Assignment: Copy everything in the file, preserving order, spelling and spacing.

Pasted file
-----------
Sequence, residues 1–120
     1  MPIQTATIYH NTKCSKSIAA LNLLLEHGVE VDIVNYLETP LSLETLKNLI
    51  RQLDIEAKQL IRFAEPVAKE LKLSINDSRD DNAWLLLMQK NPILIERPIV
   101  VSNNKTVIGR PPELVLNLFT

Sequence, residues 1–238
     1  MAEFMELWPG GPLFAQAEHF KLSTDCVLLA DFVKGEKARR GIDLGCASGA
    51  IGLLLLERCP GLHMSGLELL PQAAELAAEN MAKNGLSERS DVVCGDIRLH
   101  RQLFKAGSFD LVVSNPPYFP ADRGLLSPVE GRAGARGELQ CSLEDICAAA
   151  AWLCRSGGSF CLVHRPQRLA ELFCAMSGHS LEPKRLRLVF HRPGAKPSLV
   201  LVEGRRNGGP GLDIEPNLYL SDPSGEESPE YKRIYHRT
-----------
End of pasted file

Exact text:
Sequence, residues 1–120
     1  MPIQTATIYH NTKCSKSIAA LNLLLEHGVE VDIVNYLETP LSLETLKNLI
    51  RQLDIEAKQL IRFAEPVAKE LKLSINDSRD DNAWLLLMQK NPILIERPIV
   101  VSNNKTVIGR PPELVLNLFT

Sequence, residues 1–238
     1  MAEFMELWPG GPLFAQAEHF KLSTDCVLLA DFVKGEKARR GIDLGCASGA
    51  IGLLLLERCP GLHMSGLELL PQAAELAAEN MAKNGLSERS DVVCGDIRLH
   101  RQLFKAGSFD LVVSNPPYFP ADRGLLSPVE GRAGARGELQ CSLEDICAAA
   151  AWLCRSGGSF CLVHRPQRLA ELFCAMSGHS LEPKRLRLVF HRPGAKPSLV
   201  LVEGRRNGGP GLDIEPNLYL SDPSGEESPE YKRIYHRT